University Day at UMPI is enjoyed by people all over Aroostook county. Students show off their projects and presentations, displaying what they have learned about individual topics from their time at the University. It gives people the chance to gain some perspective on topics and issues they might not have had access to beforehand. Members from Deborah Hodgkin’s Creative Nonfiction class were some of those who partook in this event. Five of the students from this class each read a personal essay they had written involving their life experiences. Continue reading “University Day, Creatively Speaking”
Since it’s the time of year when politics are evident in nearly every household in this country due to the presidential election, there is always bound to be some discourse on all sides. This is regardless of which party you belong to or which views you possess. Most people who pay attention to politics look at the details of who they are voting for. At the same time, these people are registered as a member of a specific party, such as Democrat, Republican or Independent. The people who pay attention to what a candidate has to offer may not even end up voting for someone running for the same party they are registered as a member of at all.
Continue reading “People Against Loyal Party Voting”
Once the fall semester comes to an end many students make their way home for the holidays. This gives them a four week break from the almost four months completely dedicated to their education. Whether these students are traveling three hours or three minutes away it is a much needed and sought after experience once finals are done and grades are set. There are numerous ways students spend their time once this break comes around.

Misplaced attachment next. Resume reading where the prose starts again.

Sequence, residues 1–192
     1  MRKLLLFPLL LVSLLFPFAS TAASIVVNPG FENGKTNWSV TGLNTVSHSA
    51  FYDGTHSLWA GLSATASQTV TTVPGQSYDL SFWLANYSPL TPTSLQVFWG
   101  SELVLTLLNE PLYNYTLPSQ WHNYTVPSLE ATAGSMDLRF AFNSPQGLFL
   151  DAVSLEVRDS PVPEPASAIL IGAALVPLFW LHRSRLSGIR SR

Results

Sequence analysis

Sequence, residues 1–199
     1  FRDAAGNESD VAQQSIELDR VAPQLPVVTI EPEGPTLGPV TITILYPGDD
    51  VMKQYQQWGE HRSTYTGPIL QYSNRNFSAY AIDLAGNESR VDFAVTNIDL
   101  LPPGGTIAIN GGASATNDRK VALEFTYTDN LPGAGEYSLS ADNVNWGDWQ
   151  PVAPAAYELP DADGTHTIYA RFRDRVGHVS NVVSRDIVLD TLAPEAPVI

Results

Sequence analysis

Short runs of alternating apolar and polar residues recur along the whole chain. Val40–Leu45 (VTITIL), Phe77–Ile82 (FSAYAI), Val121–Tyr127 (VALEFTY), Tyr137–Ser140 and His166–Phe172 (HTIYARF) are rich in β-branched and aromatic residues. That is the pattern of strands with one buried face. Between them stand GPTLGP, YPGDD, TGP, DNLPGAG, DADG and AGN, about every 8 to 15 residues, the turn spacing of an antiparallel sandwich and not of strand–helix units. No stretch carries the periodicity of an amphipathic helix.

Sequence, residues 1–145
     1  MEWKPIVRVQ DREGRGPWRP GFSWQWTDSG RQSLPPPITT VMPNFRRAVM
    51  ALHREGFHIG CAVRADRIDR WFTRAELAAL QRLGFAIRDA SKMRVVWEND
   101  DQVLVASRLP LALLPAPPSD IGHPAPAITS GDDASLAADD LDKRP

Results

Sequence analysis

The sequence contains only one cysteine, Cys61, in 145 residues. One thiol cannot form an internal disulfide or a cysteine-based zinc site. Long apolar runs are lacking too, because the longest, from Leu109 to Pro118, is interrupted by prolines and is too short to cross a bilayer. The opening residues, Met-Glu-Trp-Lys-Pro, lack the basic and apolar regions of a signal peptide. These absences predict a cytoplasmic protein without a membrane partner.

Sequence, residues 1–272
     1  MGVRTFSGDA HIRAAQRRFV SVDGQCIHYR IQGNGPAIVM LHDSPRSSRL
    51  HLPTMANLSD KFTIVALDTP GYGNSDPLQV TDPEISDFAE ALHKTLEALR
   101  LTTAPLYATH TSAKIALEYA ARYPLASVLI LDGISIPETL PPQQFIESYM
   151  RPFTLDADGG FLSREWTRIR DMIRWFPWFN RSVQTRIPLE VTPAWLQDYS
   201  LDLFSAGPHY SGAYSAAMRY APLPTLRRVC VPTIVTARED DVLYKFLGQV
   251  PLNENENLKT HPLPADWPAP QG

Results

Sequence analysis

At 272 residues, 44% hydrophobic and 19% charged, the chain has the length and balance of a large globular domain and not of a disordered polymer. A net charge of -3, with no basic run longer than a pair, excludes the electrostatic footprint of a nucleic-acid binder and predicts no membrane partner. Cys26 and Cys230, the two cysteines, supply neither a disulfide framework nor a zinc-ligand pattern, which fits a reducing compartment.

Continue reading “Making a Break for It”
Halloween is a holiday that is widely celebrated by many different people, and the University of Maine at Presque Isle was not lacking in the Halloween spirit. The Halloween dance was held this year in the multipurpose room in the campus center. It was relatively packed from about 11 p.m. to the end. There were a variety of different costumes. These were as much a major part of the fun and energy of the night as the people who were there wearing them.
Continue reading “Halloween Critters at their Finest”
The 150 anniversary of the United States Constitution didn’t go unrecognized at UMPI. Professor Brent Anderson put together a lecture dedicated to the day. He emphasized on the importance of the 13th and 14th Amendments. These are both considered to have helped change the constitution. The hour-long lecture left the audience with a new understanding of the very things the U.S. was built upon.
It is safe to say that most people know someone or know of someone with Asperger’s. It is a disorder that affects real people everywhere. University Day, which took place at the University of Maine at Presque Isle on April 20, gave one group of presenters the chance to educate people about this. The presentation itself was on Asperger’s and how people with this disorder can benefit from proficiency-based education. Brittany McPhail, Arianna Bard, Natasha Ponder and Loretta Coty for a little less than an hour. The first three women are education majors at the University of Maine at Presque Isle. Coty has worked with people with special needs for a number of years, but is now currently a student at UMPI.